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A sibilant is a type of fricative or affricate consonant, made by directing a jet of air through a narrow channel in the vocal tract towards the sharp edge of the teeth. Strident refers to the perceptual intensity of the sound of a sibilant consonant. A strident sound could be described as harsh, insistent, and discordant. In phonetics and acoustics the term sibilant is also used to describe the articulatory or aerodynamic mechanisms that produce strident noise. By analogy, the terms shibilant and thibilant are used to refer to specifically postalveolar sibilants and non-strident analogues, respectively.

Contents

Acoustics

Sibilants are louder than their non-sibilant counterparts, and most of their acoustic energy occurs at higher frequencies than non-sibilant fricatives. [s] has the most acoustic strength at around 8,000 Hz, but can reach as high as 10,000 Hz. [ʃ] has the bulk of its acoustic energy at around 4,000 Hz, but can extend up to around 8,000 Hz.

Whistled sibilants

Whistled sibilants occur in speech pathology and may be caused by dental prostheses or orthodontics. However, they also occur phonemically in several southern Bantu languages, the best known being Shona. These have been variously described—as labialized but not velarized, retroflex, etc., but none of these articulations are required for the sounds.[1] Using the Extended IPA, Shona sv and zv may be transcribed [s͎] and [z͎]. Other transcriptions seen include purely labial [s̫] and [z̫] (Ladefoged and Maddieson 1996) and labially co-articulated [s͡ɸ] and [z͡β].

Inventories

Only the alveolar and palato-alveolar sibilants are distinguished in English; the former may be either apical or laminal, while the latter are usually apical, slightly labialized and generally called simply "postalveolar": [s̺ z̺] or [s̻ z̻] and [ʃʷ̜ ʒʷ̜]), as in sin [s̻ɪn] and shin [ʃʷ̜ɪn]. Although laminal and apical sibilants are not distinguished in English, Basque does distinguish these two phonemically, as well as having true postalveolars ([s̺] [s̻] [ʃ]). Polish and Russian have laminal denti-alveolars, palatalized denti-alveolars, flat postalveolars, and alveolo-palatals ([s̪ z̪] [s̪ʲ z̪ʲ] [s̠ z̠] [ɕ ʑ]), whereas Mandarin has apical alveolars, flat postalveolars, and alveolo-palatals ([s̺ z̺] [s̠ z̠] [ɕ ʑ]).

Few languages distinguish more than three series of sibilants without secondary articulation, but Ubykh has four series of plain sibilants, [s z], [ŝ ẑ ŝʷ ẑʷ], [ɕ ʑ ɕʷ ʑʷ], [ʂ ʐ], as does the Bzyp dialect of the related Abkhaz, and the Chinese dialect of Qinan, in Shandong province, is said to have five. Toda has a laminal alveolar, an apical postalveolar, laminal domed postalveolars, and sub-apical palatals. Since two of these could be called 'retroflex', Ladefoged & Maddieson 1996 have resurrected the old IPA diacritic for retroflex, the underdot, for apical retroflexes, and reserve the letters ‹ʂ, ʐ› for sub-apical retroflexes. Thus the Toda sibilants can be transcribed [s̪] [ṣ] [ʃ̻ ʒ̻] [ʂ ʐ], although the official IPA symbols [s̪] [s̠] [ʃ̻ ʒ̻] [ʂ ʐ] are also sufficient. (In some publications the underdot and underbar are interchanged.)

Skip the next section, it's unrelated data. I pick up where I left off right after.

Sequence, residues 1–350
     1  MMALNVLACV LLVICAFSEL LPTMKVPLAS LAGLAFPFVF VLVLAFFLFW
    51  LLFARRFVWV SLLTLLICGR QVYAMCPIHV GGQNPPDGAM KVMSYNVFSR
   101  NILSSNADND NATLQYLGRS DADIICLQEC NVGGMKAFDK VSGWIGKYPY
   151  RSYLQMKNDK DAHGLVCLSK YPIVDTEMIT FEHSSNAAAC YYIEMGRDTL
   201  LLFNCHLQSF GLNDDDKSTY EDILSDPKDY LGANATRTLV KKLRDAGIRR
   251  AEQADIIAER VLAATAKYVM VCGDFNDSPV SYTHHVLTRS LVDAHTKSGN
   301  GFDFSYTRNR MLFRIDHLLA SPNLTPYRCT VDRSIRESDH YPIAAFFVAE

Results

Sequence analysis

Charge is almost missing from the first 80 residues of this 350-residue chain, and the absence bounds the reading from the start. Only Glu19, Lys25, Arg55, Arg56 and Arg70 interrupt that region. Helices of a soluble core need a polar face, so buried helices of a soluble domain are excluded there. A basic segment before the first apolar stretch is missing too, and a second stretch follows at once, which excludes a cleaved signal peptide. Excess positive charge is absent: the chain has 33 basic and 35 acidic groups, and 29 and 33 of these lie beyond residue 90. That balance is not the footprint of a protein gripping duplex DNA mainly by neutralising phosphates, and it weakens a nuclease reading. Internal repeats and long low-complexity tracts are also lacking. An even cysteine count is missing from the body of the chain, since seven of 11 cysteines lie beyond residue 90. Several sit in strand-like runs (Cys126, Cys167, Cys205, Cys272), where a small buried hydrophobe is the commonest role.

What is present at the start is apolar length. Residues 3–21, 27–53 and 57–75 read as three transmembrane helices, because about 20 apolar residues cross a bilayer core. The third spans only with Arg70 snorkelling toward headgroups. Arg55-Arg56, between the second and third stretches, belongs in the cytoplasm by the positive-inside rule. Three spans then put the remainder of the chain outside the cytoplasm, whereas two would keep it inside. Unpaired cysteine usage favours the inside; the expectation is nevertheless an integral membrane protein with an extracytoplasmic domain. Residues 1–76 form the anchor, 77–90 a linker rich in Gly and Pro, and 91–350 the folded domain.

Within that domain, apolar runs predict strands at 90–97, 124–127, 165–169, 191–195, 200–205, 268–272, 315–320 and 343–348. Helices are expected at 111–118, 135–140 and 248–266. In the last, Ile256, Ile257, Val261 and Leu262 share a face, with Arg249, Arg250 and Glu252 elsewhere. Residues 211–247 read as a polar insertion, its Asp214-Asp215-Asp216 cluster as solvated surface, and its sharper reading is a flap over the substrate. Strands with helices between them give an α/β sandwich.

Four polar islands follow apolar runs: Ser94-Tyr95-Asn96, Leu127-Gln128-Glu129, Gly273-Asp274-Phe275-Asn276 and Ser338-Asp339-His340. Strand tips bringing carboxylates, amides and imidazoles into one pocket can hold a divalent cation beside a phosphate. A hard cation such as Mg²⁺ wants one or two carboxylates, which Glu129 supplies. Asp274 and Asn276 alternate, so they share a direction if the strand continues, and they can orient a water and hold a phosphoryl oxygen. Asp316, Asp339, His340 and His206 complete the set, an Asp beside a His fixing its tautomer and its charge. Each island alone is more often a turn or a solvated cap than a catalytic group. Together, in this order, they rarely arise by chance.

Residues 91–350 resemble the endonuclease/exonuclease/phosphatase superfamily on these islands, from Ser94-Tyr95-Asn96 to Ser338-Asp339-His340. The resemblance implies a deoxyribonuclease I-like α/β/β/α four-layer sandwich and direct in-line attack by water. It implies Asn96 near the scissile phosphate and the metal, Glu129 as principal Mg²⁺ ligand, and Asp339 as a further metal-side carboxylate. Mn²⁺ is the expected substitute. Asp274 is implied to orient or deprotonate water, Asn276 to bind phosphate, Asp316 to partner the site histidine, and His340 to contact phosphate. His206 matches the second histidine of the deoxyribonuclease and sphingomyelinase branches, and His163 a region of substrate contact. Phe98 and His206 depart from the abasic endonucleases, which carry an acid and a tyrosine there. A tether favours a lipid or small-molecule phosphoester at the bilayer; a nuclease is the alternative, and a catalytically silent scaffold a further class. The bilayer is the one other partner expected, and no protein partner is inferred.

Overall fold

Contested definitions

Authors including Chomsky and Halle group [⁠f] and [⁠v] as sibilants. However, they do not have the grooved articulation and high frequencies of other sibilants, and most phoneticians[2] continue to group them together with the bilabial fricatives [⁠ɸ, β] as non-sibilant anterior fricatives. For a grouping of sibilants and [f, v], the term strident is more common. Some researchers judge [⁠f] to be strident in one language, e.g. the African language Ewe, as determined by experimental measurements of amplitude, but as non-strident in English.

The nature of sibilants as so-called 'obstacle fricatives' is complicated - there is a continuum of possibilities relating to the angle at which the jet of air may strike an obstacle. The grooving often considered necessary for classification as a sibilant has been observed in ultrasound studies of the tongue for supposedly non-sibilant [θ] voiceless alveolar non-sibilant fricative.[3]

Symbols

The following sibilants are in the International Phonetic Alphabet:

Alveolar:
Postalveolar:
  • [ʃ], [ʒ] (Palato-alveolar: that is, "domed" (partially palatalized) postalveolar, either laminal or apical)
  • [ʂ], [ʐ]: (Retroflex, which can mean one of three things: (a) non-palatalized apical postalveolar, (b) sub-apical postalveolar or pre-palatal, or (c) non-palatalized laminal ("flat") postalveolar, sometimes transcribed [s̠ z̠] or [ʂ̻ ʐ̻].

Diacritics can be used for finer detail. For example, apical and laminal alveolars can be specified as [s̺] vs [s̻]; a dental (or more likely denti-alveolar) sibilant as [s̪]; a palatalized alveolar as [sʲ]; and a generic postalveolar as [s̠], a transcription frequently used when none of the above apply (that is, for a laminal but non-palatalized, or "flat", postalveolar). Some of the Northwest Caucasian languages also have a closed laminal postalveolar, without IPA symbols but provisionally transcribed as [ŝ ẑ].

See also

References

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Notes

  1. ^ Shosted 2006
  2. ^ Ladefoged & Maddieson 1996
  3. ^ Stone and Lundberg, 1996, Journal of the Acoustical Society of America, vol. 99: 3728-3737

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